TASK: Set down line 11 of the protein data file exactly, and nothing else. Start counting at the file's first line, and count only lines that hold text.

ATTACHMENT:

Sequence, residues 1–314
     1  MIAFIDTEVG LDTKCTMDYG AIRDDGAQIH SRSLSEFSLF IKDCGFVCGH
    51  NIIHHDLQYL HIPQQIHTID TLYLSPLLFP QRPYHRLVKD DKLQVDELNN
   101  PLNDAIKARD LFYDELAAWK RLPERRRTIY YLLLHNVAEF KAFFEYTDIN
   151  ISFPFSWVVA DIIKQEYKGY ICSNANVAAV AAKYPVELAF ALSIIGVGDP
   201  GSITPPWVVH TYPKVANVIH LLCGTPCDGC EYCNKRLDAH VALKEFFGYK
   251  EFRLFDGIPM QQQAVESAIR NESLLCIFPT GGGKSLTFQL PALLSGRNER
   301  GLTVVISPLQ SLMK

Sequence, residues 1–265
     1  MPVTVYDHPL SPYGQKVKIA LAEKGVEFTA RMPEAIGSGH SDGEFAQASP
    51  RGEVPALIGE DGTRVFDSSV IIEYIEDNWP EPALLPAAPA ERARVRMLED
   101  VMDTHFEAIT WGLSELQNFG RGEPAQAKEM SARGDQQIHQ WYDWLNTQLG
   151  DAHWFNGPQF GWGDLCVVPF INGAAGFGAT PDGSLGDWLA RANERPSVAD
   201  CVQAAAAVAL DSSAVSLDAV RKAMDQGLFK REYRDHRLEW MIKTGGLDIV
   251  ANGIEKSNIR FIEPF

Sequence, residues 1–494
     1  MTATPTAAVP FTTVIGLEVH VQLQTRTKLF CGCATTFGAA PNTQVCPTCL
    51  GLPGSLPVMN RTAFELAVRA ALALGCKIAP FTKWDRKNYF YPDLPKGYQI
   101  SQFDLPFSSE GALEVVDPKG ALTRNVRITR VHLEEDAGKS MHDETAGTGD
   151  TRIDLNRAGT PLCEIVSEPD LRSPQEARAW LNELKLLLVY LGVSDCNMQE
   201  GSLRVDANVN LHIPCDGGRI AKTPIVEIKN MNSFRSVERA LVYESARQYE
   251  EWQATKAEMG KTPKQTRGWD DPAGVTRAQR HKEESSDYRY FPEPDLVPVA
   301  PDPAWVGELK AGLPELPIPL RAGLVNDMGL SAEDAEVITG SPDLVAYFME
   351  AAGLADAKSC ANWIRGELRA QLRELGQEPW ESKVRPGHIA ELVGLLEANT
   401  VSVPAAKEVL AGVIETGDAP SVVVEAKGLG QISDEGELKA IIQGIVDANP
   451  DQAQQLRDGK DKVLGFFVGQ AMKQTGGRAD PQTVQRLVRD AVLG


    51  RGEVPALIGE DGTRVFDSSV IIEYIEDNWP EPALLPAAPA ERARVRMLED